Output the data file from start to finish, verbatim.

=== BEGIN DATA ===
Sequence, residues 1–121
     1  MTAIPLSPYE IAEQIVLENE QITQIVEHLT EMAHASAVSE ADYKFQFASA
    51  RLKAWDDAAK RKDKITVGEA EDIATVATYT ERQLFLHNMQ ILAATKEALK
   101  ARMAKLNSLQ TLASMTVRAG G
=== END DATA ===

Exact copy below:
Sequence, residues 1–121
     1  MTAIPLSPYE IAEQIVLENE QITQIVEHLT EMAHASAVSE ADYKFQFASA
    51  RLKAWDDAAK RKDKITVGEA EDIATVATYT ERQLFLHNMQ ILAATKEALK
   101  ARMAKLNSLQ TLASMTVRAG G